Toss out the rope while you are running your boat with a surf wave. Adjust your rope length so that the rope is one-two feet in front of the rear-most section of the wave, just before the curl/wash at the back of the wave. NEVER loop up a rope that is too long while you are riding. Adjust it immediately. Too many people loop the rope in their hands to take up the slack. Then they fall, the rope wraps around their arm and they get a nasty shoulder or elbow dislocation. This is a novice move you never want to do.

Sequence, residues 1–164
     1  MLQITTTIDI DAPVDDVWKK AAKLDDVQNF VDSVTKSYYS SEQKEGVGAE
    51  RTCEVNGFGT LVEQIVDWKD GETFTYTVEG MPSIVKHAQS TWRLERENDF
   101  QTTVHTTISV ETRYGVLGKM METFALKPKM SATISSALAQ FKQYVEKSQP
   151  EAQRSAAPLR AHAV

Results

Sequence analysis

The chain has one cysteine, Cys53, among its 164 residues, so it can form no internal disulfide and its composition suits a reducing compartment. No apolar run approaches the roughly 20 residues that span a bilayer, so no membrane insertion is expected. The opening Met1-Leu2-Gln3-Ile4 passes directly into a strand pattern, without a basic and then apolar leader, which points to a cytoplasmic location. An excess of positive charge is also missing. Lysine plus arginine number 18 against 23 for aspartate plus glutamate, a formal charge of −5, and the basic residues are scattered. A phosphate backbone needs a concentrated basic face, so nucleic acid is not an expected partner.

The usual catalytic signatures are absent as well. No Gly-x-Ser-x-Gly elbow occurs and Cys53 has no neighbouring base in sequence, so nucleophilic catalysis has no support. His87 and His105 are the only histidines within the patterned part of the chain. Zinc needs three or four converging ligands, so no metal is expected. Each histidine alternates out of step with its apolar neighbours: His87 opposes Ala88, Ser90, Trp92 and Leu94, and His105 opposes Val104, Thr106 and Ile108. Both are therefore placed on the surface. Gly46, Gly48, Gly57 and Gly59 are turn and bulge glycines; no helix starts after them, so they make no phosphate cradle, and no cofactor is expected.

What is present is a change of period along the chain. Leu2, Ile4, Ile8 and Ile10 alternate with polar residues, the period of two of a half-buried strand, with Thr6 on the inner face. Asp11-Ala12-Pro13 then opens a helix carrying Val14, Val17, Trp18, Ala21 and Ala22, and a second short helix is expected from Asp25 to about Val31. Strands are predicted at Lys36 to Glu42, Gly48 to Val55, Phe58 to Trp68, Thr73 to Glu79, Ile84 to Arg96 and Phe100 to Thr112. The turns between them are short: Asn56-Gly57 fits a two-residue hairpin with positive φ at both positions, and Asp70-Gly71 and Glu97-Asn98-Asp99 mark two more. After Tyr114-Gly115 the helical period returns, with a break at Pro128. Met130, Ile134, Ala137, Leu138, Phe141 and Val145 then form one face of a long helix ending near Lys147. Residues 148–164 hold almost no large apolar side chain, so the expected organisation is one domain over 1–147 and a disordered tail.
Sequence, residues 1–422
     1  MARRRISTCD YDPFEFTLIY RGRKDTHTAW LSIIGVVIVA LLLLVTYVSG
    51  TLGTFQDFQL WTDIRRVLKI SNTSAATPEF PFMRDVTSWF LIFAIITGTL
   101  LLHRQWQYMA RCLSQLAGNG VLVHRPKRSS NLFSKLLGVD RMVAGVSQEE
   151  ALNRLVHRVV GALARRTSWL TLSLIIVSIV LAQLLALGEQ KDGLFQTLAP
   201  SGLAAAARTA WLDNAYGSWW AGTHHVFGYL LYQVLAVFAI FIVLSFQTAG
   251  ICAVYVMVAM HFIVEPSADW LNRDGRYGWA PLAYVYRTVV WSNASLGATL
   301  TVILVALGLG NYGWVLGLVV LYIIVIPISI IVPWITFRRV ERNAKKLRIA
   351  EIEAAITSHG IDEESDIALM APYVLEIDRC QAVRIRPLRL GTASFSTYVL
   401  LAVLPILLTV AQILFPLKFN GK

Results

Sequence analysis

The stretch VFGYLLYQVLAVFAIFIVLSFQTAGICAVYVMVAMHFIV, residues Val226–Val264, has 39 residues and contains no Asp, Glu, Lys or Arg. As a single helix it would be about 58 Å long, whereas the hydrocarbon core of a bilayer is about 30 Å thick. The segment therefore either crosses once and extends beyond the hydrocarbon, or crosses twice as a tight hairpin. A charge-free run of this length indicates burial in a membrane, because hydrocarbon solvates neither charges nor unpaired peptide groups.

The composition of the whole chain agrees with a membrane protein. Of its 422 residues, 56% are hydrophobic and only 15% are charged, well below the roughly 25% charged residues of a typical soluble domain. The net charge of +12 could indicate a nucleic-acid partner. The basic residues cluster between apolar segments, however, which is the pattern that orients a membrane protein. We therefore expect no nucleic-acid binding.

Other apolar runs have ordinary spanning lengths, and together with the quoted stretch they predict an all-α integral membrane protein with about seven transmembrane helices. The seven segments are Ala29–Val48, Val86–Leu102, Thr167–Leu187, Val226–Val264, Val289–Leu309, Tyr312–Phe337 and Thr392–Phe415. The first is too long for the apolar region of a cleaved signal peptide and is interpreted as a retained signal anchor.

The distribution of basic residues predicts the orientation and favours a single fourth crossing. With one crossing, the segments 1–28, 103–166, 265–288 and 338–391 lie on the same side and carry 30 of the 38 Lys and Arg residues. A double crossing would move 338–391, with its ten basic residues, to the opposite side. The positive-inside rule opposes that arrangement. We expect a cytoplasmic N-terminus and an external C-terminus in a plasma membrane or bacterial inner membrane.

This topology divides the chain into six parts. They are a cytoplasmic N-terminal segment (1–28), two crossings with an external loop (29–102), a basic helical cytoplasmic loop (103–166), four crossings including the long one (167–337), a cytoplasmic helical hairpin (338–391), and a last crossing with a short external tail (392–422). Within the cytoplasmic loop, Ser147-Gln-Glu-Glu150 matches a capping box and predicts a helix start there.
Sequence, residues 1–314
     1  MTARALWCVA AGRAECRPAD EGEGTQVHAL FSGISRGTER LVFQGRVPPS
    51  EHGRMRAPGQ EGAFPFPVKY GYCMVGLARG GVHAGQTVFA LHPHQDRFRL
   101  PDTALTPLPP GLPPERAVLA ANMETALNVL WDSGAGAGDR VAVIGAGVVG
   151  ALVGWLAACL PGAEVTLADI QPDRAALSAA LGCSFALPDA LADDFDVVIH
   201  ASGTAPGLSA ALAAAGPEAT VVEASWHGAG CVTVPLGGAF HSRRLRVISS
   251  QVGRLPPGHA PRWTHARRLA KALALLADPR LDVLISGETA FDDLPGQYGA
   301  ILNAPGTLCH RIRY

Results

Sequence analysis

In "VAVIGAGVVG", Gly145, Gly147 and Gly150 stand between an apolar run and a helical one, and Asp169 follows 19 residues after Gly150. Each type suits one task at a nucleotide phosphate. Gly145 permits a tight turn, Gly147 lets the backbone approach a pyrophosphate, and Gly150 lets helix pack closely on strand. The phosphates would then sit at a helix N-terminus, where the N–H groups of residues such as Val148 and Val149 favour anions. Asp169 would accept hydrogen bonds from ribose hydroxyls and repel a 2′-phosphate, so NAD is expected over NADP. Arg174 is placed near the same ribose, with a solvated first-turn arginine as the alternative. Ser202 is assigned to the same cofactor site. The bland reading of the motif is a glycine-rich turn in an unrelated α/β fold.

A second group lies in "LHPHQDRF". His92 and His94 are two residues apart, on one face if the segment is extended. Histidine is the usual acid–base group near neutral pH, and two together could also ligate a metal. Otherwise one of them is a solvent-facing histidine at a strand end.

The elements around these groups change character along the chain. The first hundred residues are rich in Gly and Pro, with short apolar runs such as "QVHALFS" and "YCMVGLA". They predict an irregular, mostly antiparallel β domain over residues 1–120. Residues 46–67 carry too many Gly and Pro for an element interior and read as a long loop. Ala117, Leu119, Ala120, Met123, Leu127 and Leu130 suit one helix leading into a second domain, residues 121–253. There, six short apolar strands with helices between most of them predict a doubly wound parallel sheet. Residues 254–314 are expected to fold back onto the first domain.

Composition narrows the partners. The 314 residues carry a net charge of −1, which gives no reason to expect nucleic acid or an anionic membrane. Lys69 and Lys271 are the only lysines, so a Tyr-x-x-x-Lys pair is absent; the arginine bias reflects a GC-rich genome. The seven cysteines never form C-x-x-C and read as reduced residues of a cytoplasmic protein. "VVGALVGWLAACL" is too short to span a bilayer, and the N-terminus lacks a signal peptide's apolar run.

Second, make sure his feet are in the proper position. Have him begin surfing with his front foot ankle bone aligned with or just near the center line of the board. This will put his toes closer to the wave side edge than his heels are to the opposite edge. This is key to ensure he has toe-side pressure on the board. For his rear foot, also slide his toes closer to the wave. In this position have him bend his knees and put weight evenly on the balls of his feet as if he is preparing to shoot a jump shot. Tell him to relax. He should be able to sit on the wave in a relaxed position and the rope should slacken indicating the wave is doing all of the work. Practice in a tailwind first to make it easier for him to feel the wave push. Have him stay on the rope trying to keep the rope slack, this gives the surfer the chance to feel surfing without the pull of the rope but if they make a mistake the rope can save them without having to waste time circling back for a restart. I would do this until he can surf with a slack rope for 2 - 3 minutes. Everyone wants to throw the rope asap, but this just slows their progress.